Marc Chagall (1887 - 1985) was born in Vitebsk, Russia (now Belarus). He moved to St. Petersburg to advance his art studies in the early 1900s, and ultimately, to Paris to be a part of the rich artistic life of Montparnasse in the 1920s. The inspiration for much of his work points back to his poor, Hasidic Jewish childhood in Vitebsk. He said that Russia inspired his work and France shed light on it. Chagall's work is a cubist, surrealist, fauvist melding of the two places that played such important roles in his life.
He married his first wife Bella, the muse of many of his paintings, in 1915, and they settled in Paris in 1922. Chagall described the time that followed as the best years of his life; his work changed from grim and brooding to placid and still.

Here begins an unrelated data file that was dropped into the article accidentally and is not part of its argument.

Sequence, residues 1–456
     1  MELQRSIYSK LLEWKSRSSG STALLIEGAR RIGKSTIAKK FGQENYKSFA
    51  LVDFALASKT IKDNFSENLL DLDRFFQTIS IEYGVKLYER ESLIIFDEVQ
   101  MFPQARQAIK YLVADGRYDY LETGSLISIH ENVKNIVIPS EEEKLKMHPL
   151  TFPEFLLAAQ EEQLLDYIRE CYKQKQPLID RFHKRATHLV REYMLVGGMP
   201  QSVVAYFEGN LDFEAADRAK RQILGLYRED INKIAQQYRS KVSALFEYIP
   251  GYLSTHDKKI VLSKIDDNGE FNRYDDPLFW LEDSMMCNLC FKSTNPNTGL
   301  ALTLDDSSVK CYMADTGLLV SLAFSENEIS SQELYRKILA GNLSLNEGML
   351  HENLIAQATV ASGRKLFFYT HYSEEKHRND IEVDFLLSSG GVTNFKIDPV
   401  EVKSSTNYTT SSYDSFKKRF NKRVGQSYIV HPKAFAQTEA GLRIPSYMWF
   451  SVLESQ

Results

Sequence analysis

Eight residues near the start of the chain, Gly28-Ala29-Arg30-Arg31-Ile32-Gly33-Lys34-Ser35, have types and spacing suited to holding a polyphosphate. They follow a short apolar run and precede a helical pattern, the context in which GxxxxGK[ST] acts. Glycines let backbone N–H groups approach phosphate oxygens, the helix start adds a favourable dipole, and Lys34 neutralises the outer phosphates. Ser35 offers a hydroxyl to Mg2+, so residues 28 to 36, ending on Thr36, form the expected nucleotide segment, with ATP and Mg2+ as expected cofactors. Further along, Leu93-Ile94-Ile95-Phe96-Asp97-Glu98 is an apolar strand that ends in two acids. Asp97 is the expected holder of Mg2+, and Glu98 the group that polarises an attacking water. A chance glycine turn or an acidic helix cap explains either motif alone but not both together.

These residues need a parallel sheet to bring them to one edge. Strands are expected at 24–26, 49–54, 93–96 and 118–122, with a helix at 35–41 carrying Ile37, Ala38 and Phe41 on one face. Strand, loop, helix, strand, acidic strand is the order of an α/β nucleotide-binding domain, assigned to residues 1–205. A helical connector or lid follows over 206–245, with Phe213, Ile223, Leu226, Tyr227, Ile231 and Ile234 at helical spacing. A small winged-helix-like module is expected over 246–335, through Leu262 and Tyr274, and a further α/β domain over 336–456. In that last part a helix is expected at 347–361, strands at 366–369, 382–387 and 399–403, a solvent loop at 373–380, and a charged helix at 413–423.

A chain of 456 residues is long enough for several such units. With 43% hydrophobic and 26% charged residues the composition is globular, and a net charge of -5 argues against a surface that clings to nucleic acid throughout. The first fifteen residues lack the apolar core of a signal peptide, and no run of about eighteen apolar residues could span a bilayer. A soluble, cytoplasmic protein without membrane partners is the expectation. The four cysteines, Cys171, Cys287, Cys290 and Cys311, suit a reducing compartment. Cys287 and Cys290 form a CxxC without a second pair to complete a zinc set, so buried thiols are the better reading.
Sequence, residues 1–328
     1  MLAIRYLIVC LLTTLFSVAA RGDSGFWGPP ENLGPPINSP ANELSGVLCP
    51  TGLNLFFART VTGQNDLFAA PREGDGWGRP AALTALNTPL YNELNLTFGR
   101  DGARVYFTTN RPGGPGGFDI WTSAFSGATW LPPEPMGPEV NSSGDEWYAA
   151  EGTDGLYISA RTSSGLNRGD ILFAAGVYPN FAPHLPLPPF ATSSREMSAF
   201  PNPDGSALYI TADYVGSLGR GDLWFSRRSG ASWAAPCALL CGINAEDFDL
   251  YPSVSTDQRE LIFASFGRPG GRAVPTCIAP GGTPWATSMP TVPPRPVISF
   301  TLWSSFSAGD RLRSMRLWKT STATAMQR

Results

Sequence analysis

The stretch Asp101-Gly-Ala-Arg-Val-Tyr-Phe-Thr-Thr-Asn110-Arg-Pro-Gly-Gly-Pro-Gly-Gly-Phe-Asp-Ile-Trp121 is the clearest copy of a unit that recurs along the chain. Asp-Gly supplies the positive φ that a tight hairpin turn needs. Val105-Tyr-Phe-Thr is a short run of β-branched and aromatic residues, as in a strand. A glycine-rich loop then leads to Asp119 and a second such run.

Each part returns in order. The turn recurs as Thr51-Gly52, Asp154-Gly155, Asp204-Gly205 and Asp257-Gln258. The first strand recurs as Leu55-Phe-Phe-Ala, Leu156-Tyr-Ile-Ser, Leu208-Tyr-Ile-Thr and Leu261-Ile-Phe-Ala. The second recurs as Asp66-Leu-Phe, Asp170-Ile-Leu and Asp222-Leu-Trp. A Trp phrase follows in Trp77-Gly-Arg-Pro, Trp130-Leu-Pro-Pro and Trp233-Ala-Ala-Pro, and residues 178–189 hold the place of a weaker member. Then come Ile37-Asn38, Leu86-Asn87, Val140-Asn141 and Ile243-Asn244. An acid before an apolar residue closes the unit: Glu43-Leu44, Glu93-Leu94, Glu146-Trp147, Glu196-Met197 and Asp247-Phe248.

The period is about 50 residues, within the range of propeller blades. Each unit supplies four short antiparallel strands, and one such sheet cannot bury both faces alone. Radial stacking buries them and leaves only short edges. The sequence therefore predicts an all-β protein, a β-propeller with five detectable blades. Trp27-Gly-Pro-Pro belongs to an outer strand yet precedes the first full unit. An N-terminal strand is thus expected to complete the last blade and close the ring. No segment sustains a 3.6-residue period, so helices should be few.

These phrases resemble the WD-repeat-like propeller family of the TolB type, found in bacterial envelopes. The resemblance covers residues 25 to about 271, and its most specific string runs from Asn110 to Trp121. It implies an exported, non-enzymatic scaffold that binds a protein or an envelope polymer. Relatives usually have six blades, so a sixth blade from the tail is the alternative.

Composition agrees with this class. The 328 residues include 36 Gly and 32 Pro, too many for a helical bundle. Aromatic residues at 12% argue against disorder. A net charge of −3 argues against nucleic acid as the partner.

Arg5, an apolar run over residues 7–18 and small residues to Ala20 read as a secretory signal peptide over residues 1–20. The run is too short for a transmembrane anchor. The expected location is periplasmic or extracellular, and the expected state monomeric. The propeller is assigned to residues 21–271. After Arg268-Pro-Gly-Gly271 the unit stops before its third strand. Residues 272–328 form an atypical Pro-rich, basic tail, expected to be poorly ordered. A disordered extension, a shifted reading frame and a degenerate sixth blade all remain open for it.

Leading up to World War II, Chagall felt the rise of anti-Semitism profoundly. His work became more somber while he tackled Judaism and Christianity. He included crucifixion scenes in his paintings, unusual for a Jewish artist, and the color red gained prominence. Chagall fled the war in Europe and moved to New York where Bella died prematurely of a viral infection. Bella had been his love, muse, and kindred spirit so her passing in 1944 was a heavy blow such that he didn't paint for nearly a year.
Upon completing The Falling Angel in 1947, a work that took almost 25 years to complete and combined biblical lore with modern symbolism, Chagall retreated from public life. At the height of his fame, he moved to the south of France and in 1952 married Valentina Brodsky. Vava, as she was nicknamed, encouraged him to design stained-glass windows. His stunning stained-glass windows are perhaps his most public legacy and can be viewed in churches, cathedrals, public buildings, and hospitals in Europe, the United States, and Israel.